For Immediate Release
November 29, 2012
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UMD Rises to #15 in Nation for Study Abroad
By Evelyn Rabil
The new Institute of International Education's "2012 Open Doors" report ranks the University of Maryland 15th in the nation - up two places from the previous year - for the number of students studying abroad in 2010-2011. UMD had 1,975 students intern, study or volunteer overseas for credit that year - by far the most in the Washington-Baltimore area. They studied in a wide range of countries, including South Korea, Botswana and the United Arab Emirates.
"Students are recognizing that to become leaders in the 21st century, they need to have international experiences," says UMD Associate Vice President for International Affairs Ross Lewin. "Learning foreign languages, forging international friendships and understanding the different priorities and practices of other cultures are critical preparations for leadership in their disciplines.
Lewin anticipates an even greater jump for Maryland in the next "Open Doors" report, as the number of UMD students studying abroad rose to more than 2,200 last year.
"It used to be that humanities students were primarily the group that studied abroad," he says. "Now you see a huge number of business, engineering, biology and social science students going."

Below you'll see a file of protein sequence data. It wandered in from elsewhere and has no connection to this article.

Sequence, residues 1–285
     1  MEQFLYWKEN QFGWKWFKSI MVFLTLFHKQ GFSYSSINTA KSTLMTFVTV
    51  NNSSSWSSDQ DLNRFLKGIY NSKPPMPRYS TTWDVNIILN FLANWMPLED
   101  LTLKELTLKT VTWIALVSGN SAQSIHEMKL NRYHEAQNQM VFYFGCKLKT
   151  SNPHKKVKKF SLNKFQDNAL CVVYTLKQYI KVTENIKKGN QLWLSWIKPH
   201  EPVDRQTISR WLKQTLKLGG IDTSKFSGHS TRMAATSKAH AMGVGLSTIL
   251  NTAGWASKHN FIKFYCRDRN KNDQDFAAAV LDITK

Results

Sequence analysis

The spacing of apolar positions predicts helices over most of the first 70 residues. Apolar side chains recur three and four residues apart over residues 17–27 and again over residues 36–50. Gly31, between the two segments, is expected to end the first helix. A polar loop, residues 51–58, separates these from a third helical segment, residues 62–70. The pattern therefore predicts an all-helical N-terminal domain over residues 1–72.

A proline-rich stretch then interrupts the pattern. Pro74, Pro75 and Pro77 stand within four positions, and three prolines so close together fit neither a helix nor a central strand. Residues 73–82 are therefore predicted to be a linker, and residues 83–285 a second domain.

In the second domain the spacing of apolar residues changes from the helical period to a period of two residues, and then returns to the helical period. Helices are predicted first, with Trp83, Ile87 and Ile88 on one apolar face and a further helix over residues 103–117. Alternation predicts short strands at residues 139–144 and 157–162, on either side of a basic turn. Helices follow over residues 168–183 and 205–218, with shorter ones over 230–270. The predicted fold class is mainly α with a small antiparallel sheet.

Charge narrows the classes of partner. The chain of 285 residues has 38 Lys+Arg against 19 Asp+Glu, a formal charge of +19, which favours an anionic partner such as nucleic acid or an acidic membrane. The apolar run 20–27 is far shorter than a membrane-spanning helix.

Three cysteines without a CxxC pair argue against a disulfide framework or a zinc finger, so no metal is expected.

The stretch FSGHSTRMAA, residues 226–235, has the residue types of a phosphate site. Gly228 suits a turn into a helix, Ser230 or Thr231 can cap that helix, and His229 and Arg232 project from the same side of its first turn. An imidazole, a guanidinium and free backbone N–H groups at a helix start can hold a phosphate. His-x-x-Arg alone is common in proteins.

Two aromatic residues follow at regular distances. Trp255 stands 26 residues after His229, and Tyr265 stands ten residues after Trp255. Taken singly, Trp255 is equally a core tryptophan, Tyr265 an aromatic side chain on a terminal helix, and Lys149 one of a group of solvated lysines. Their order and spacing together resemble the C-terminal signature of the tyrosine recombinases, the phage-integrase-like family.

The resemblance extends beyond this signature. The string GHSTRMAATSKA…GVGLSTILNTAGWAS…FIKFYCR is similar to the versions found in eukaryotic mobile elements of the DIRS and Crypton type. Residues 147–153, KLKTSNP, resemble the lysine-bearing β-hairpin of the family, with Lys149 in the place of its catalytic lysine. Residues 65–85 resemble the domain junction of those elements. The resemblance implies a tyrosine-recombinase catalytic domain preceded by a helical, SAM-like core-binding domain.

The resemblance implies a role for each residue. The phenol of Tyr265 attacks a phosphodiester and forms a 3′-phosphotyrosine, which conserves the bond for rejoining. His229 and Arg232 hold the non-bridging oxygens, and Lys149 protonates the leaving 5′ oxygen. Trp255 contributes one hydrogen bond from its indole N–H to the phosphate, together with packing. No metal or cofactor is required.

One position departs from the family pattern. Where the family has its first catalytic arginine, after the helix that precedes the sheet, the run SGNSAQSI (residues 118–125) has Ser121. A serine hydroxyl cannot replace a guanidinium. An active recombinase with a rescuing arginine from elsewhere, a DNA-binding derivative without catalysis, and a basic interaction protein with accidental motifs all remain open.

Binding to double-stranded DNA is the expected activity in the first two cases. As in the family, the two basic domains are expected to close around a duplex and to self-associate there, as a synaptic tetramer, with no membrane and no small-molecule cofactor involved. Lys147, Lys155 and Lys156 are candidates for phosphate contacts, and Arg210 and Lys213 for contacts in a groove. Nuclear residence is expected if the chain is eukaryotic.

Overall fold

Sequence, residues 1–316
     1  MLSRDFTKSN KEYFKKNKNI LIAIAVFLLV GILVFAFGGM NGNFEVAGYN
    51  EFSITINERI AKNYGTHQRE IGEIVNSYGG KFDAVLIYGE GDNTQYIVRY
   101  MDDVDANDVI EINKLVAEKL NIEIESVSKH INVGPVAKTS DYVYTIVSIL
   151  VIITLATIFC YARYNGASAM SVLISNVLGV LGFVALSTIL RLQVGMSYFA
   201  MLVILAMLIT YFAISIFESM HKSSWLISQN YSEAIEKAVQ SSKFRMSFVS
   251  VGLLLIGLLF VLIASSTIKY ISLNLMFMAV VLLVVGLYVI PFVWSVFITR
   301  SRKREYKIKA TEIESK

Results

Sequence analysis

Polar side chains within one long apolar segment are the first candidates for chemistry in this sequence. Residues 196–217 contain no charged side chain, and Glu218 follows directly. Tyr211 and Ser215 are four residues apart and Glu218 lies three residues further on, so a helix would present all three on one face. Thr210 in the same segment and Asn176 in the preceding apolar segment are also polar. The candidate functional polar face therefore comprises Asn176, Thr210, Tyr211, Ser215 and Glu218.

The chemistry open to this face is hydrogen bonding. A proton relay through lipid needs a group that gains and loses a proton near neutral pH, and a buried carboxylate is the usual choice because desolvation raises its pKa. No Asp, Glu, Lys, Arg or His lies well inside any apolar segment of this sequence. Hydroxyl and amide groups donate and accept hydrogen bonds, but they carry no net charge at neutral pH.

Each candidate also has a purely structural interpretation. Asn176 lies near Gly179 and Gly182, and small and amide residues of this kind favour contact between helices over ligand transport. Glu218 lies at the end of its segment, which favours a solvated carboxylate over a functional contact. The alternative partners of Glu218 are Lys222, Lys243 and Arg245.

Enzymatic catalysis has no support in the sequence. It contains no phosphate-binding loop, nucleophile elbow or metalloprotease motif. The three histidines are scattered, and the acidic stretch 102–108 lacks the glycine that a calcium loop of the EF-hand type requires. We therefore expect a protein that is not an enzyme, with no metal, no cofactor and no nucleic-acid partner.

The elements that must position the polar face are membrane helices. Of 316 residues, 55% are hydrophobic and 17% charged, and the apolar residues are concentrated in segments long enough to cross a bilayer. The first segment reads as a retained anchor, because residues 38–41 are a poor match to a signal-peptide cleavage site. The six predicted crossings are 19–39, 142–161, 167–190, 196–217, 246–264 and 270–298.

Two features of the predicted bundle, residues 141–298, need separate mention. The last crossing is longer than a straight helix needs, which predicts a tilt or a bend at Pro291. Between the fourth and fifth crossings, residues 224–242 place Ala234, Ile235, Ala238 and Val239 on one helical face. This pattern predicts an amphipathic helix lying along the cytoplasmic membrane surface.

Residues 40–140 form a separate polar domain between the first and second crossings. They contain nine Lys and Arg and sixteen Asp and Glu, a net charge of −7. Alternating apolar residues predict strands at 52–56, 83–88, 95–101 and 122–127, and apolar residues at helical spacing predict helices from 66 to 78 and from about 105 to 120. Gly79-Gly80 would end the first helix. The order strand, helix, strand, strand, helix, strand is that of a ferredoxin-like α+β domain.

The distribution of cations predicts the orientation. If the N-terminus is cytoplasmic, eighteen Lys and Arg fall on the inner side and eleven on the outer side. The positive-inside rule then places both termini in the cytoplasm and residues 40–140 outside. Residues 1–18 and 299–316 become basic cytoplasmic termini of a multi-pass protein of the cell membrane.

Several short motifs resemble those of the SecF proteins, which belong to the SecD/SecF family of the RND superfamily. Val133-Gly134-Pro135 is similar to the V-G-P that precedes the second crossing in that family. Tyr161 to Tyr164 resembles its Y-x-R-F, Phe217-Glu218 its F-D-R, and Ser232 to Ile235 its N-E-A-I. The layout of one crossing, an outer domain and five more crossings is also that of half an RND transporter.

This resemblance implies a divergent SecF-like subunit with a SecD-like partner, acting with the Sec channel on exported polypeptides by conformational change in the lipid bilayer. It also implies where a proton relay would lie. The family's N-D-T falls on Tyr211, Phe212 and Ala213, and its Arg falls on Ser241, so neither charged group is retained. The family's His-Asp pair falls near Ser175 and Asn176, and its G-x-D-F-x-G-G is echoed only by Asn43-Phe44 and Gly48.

They are also traveling to more diverse places. While the majority of students still choose Western European countries, such as Italy, England, France and Spain, locations like China, Africa and Latin America are becoming more popular, Lewin says.
The "2012 Open Doors" reports that 14 of the top 25 destinations for U.S. college students were non-European countries in the 2010-2011 academic year. The number of math and computer science students studying abroad increased 21.5 percent in one year, 14.2 percent in the health fields, and 6.7 percent in the sciences.
The University of Maryland has helped nudge the trend along by designing shorter study abroad programs to accomodate students in business, the sciences and engineering. These fields tend to have more rigid curricula, and missing one semester could set a student back a year. The Education Abroad office at the University of Maryland now offers a variety of three-week programs for credit in the summer and winter terms, Lewin explains.
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